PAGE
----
I have photographed motorbikes excessively this year (Link1, Link2, Link3). All these shootings took place in the bike’s natural habitat: roads, streets and in one case an open field. These shootings are fairly easy concerning the logistical part – just take the bike somewhere at the right time of the day, bring a camera, maybe a tripod and flashguns, and off you go. But I wanted to knock it up a notch and go into a studio environment. Last year I conducted several photo sessions with sports cars in the studio… ok, _model_ sports cars (Ferrari FF, Lamborghini Aventador) and I particularly like the shots with light straight from above, illuminating the silhouette and some details on the cars. I had to use model sports cars because a.) I don’t own a Ferrari and b.) neither do I own a lighting rig large enough to illuminate the whole car (like this one). But I own two 80×120 cm softboxes with studio flashes – and that is big enough for a decent bike shoot.
I cleared the carport in front of your house of the trash can, bicycle and our car, sweeped the floor and started installing my equipment. I hung both softboxes from the beams of the carport roof and installed the background system with black cloth behind it as a backdrop. The studio flashes were tied to the beams using thin rope. The edges of the softboxes which are in contact with each other could be velcroed together, so that the gap between the softboxes is as small as possible. The lighting setup is not complex in terms of fancy technology – suspend a large softbox (or two) above the subject and place a dark background behind it. But due to the dimensions it took some effort. The setup took around an hour to be completed.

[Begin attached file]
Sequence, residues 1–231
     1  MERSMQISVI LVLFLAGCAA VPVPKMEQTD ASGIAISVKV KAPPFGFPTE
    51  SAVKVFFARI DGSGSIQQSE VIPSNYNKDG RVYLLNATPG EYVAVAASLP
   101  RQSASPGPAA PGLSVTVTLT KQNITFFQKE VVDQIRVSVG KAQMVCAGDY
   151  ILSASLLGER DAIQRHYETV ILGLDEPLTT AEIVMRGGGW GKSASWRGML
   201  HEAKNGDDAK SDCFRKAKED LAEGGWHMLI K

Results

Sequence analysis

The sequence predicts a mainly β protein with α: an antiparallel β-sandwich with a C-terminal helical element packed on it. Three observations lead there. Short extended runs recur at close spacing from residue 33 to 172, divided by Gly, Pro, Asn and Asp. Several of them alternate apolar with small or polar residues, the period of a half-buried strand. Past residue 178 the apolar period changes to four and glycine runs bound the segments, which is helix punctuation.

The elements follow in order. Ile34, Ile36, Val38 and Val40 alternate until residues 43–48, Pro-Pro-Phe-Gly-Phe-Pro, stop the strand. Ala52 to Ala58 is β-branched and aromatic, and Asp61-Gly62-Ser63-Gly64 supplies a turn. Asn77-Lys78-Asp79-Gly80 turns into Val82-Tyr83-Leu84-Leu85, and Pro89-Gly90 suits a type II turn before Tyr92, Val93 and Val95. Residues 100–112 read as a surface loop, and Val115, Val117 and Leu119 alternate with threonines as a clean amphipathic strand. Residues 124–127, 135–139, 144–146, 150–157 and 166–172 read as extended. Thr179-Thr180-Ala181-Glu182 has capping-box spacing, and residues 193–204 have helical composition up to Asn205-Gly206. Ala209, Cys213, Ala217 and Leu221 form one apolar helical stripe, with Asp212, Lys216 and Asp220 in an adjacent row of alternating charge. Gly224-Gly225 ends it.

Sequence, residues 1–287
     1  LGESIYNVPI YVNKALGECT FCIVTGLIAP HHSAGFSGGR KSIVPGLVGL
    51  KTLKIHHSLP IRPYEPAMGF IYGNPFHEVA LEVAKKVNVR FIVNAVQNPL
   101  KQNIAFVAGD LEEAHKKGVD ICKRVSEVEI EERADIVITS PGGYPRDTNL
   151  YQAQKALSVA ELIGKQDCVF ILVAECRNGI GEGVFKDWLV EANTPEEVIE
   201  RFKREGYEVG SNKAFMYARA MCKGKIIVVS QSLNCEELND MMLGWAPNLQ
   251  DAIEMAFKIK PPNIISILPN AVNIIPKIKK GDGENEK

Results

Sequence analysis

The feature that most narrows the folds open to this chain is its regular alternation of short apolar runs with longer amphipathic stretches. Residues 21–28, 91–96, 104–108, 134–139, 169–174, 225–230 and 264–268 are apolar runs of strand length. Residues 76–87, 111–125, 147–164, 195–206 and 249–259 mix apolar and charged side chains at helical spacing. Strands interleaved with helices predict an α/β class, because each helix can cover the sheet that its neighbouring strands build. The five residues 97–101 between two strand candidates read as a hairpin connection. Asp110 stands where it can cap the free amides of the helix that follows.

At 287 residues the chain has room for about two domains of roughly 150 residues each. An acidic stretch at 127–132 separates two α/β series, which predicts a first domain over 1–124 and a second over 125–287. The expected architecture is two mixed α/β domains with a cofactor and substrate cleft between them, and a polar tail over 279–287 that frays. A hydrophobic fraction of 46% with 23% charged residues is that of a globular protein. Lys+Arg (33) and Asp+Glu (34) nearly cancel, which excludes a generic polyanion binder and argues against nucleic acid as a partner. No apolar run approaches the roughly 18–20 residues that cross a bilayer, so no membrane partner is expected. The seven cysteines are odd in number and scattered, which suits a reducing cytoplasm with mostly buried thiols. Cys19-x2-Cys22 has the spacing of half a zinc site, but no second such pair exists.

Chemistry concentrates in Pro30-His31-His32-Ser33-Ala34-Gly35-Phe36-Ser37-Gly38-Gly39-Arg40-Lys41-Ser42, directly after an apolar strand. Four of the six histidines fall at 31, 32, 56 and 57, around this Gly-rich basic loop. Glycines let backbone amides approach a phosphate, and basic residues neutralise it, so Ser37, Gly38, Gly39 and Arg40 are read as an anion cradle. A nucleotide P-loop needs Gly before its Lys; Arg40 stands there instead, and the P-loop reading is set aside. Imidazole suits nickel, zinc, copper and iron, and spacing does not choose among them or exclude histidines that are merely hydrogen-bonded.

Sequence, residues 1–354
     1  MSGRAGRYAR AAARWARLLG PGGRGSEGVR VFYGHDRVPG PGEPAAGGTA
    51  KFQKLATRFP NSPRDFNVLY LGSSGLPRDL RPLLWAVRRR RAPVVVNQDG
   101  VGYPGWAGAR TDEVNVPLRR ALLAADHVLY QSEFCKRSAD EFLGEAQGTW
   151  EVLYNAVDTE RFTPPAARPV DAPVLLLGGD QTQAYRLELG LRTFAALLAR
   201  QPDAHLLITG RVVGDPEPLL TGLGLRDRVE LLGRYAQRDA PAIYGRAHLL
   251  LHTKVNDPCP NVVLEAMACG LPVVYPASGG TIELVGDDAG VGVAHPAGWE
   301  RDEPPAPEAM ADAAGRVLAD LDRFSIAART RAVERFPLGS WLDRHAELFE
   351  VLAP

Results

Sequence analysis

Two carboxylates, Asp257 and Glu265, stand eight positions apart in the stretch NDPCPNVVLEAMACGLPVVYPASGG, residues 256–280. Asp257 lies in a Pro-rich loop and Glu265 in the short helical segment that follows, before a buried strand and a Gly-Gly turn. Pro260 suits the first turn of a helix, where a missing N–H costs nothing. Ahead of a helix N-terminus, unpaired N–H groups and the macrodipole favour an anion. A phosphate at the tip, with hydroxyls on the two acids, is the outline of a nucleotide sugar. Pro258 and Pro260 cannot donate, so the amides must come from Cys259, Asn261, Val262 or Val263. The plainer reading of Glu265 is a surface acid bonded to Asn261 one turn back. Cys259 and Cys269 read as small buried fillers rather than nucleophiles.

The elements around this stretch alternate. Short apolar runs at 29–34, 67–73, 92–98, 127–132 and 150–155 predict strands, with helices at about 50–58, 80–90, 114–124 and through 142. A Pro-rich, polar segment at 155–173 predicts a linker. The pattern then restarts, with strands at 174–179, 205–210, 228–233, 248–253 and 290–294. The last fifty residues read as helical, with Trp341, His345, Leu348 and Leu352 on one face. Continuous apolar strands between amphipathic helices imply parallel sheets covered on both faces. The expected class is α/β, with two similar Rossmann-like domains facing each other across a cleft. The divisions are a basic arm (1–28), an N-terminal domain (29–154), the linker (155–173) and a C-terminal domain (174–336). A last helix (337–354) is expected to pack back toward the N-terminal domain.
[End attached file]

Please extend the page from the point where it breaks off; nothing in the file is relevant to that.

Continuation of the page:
- Two Quantuum R600+ studio flashes (600Ws) with 120×80 softboxes, fired via Yongnuo radio triggers.
- Background system with black cloth
- Nikon D800 with the 24-70 f2.8 (the 70-200mm) would have been my first choice, but I did not have enough room to back away from the bike).
The flashes were set to full power, the camera to ISO 100 and a varying 50-70 mm at mostly f/22. Looking back I could have gone with f/16 and less flash power, that would have given some more sharpness in the images. But since most details will lie in the dark in these images I deem the choice of the f-stop to be ok.
Tips and experiences shooting with this setup
Bikes often only have a side stand, which means that they will lean to one side when the side stand is extended. Depending on from which side you are shooting, there will be more or less light on the side of the bike. Assuming the side stand is on the left the bike will lean towards you when it faces left. Since the light is coming from above the side of the bike will be quite dark in this position. On the other hand, if the bike faces to the right it will lean away from you, exposing the side to more light.
I found out that if the bike leans towards you, the shot tends to look…odd/stupid. Due to the perspective the bike is crunched a little and appears smaller. That looked odd on many shots. Here it is an advantage if your bike has a main stand to position it vertically.